Scotland’s training providers have backed a call by Scottish Government Minister Jamie Hepburn to unlock the potential of the nation’s young people and create a highly-skilled workforce to ensure a successful transition to net zero.
The Scottish Joint Industry Board (SJIB) and Scottish Electrical Charitable Training Trust (SECTT) have both welcomed the minister’s enthusiasm for more youngsters to become apprentices in the construction industry.
Mr Hepburn, the Minister for Higher Education and Further Education, Youth Employment and Training, said it was fitting that this year’s Scottish Apprenticeship Week (SAW) had the theme of ‘Unlocking Potential’.
He said: “The construction industry is upskilling its workforce to deliver a decarbonised built environment, making it a critical sector as we move towards our net zero ambitions. We therefore need enthusiastic and passionate young people to take opportunities, and consider construction as a career path.”
Mr Hepburn said the construction industry would have a vital role to play both during and after the transition to net zero, adding: “The Scottish Government encourages young people to consider learning a practical trade as an option if this is where their interest lies, as these trades will be of vital importance to both themselves and future generations of Scots.”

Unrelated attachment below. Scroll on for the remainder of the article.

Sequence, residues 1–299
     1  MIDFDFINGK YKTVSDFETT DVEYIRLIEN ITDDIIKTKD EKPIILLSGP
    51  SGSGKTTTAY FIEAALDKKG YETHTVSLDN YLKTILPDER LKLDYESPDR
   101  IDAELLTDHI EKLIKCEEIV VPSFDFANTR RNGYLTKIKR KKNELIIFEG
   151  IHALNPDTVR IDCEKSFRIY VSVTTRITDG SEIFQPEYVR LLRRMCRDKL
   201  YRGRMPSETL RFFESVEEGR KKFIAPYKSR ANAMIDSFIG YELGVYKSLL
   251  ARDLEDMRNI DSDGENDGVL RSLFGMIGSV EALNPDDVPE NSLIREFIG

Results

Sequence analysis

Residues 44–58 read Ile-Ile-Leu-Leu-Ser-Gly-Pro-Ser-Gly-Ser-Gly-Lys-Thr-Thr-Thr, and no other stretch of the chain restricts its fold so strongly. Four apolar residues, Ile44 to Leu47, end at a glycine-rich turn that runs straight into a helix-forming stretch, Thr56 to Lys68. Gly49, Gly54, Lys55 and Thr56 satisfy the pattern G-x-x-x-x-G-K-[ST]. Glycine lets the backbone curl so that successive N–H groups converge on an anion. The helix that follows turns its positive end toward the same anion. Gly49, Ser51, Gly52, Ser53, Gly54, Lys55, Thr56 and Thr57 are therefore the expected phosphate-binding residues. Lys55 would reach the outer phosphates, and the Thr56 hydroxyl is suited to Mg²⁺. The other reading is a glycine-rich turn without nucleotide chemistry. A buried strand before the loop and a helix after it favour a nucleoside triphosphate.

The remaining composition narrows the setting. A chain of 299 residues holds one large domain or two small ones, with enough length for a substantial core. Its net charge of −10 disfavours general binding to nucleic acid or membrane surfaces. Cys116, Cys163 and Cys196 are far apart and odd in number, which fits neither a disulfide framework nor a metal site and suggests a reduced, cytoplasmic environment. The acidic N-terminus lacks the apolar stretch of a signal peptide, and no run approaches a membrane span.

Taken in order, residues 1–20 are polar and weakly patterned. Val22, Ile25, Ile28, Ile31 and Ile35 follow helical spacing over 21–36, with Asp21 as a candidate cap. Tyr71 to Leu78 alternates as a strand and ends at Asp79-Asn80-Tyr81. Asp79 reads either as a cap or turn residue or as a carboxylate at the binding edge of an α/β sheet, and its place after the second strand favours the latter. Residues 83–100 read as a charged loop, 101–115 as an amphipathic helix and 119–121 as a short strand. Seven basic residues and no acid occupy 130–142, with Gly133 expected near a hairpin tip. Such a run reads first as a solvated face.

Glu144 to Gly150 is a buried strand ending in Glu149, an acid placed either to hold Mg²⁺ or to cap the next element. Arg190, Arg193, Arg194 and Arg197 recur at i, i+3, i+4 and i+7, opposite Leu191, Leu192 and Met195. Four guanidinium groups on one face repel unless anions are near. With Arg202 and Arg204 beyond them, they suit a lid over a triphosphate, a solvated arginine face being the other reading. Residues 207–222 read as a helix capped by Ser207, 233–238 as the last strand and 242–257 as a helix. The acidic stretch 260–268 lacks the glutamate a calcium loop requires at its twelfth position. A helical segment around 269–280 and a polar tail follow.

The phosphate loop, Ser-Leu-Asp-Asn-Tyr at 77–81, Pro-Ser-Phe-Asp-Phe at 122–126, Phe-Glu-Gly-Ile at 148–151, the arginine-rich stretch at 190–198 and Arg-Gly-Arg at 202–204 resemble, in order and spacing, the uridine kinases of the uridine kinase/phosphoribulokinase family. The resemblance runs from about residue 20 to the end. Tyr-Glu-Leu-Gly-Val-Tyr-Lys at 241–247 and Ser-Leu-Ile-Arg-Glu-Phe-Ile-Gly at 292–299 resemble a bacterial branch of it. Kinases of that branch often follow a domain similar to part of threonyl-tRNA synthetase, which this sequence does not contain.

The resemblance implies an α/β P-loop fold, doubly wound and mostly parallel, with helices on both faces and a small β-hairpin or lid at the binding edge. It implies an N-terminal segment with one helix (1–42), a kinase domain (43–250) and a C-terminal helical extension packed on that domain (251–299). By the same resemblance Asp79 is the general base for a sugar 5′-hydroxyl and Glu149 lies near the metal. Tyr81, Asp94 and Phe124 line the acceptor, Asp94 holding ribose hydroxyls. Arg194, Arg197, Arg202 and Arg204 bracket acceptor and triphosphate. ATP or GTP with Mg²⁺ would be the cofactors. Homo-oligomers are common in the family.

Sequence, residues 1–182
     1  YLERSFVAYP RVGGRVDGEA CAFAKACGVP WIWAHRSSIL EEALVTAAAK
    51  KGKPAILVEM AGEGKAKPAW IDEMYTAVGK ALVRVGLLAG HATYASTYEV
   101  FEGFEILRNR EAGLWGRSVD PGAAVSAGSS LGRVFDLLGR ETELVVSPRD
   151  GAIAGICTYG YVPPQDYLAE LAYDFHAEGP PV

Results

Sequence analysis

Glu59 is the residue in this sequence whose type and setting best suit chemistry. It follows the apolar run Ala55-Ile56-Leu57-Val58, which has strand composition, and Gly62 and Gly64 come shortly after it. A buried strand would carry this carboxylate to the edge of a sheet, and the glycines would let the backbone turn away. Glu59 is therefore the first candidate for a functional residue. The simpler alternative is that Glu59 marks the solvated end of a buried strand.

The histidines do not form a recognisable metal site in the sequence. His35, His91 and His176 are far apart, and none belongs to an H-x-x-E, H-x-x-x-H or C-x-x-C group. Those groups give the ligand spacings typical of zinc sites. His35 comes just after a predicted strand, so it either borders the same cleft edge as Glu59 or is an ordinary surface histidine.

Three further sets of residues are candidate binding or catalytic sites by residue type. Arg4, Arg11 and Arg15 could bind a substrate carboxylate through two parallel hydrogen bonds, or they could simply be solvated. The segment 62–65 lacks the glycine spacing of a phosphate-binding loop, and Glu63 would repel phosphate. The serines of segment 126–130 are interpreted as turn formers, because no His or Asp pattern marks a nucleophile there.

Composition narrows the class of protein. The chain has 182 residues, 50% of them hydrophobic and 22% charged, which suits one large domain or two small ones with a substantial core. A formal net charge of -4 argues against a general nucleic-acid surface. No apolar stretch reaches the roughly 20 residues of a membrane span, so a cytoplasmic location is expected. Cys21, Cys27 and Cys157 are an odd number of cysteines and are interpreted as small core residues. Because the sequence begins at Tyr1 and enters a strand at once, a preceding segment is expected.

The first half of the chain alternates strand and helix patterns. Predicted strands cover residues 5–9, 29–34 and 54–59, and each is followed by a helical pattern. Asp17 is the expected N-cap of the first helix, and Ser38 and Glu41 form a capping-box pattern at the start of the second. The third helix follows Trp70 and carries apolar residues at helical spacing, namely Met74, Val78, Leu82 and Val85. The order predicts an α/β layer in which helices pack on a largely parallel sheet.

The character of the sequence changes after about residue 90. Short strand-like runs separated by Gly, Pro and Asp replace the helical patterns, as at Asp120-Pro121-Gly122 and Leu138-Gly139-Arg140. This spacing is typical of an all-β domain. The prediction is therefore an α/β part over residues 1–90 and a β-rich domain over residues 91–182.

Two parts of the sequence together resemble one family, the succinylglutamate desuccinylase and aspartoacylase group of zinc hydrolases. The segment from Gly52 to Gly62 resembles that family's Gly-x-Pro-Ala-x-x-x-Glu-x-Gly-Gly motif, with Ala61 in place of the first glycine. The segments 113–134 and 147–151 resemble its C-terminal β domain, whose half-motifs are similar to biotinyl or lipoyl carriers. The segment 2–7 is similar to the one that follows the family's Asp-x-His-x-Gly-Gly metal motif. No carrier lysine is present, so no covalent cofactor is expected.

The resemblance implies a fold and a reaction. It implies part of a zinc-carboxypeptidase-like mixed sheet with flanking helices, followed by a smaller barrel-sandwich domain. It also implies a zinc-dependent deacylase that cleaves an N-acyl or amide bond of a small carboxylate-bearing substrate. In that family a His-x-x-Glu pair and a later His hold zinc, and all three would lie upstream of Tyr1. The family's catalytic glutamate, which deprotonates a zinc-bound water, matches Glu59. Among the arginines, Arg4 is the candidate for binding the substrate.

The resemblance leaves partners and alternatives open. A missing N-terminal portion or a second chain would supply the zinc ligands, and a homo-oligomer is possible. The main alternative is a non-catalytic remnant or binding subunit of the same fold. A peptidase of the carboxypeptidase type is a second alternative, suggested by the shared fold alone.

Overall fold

Anne Galbraith, Chief Executive of SECTT, which manages high-quality training on behalf of the SJIB, said: “Having come through the trials of the pandemic period in much better shape than could have been expected, it is appropriate to celebrate the contribution that apprentices make.
“Recent research shows that Scotland can expect to generate 100,000 green jobs as it transitions to a carbon-free environment, and the message has been sent and received that the country and the industry needs more apprentices and full-blown tradesmen and women.
“In the electrotechnical sector alone, numbers of young people embarking on their new careers have increased year on year since the height of the pandemic – there were 800 in 2021 and nearly 1,000 last year – and employers deserve substantial credit for supporting them so wholeheartedly.”
Fiona Harper, The Secretary of the SJIB, said: “Unlocking Potential is the perfect theme for this year’s SAW, since the skills, dedication and commitment of our young people will be crucial as the built environment and the wider world moves away from its dependence on fossil fuels.
“From heat pumps for our homes to electric vehicles and green energy sources, the world is rapidly changing, and it is our young people who will not only install the necessary infrastructure but will maintain it over the years and pass on their knowledge to succeeding generations.
“Mr Hepburn is to be applauded for recognising that it makes sense for apprentices to seek a solid and rewarding career in an industry which will be so important to all of us in the coming years.”
A host of events will run during SAW, which runs from 6-10 March. Backed by Skills Development Scotland, it highlights how both apprentices and employers benefit from schemes and how learning providers support young people’s achievements.
The SAW Unlocking Potential digital toolkit, full of useful information, tips and social media posts, can be downloaded here.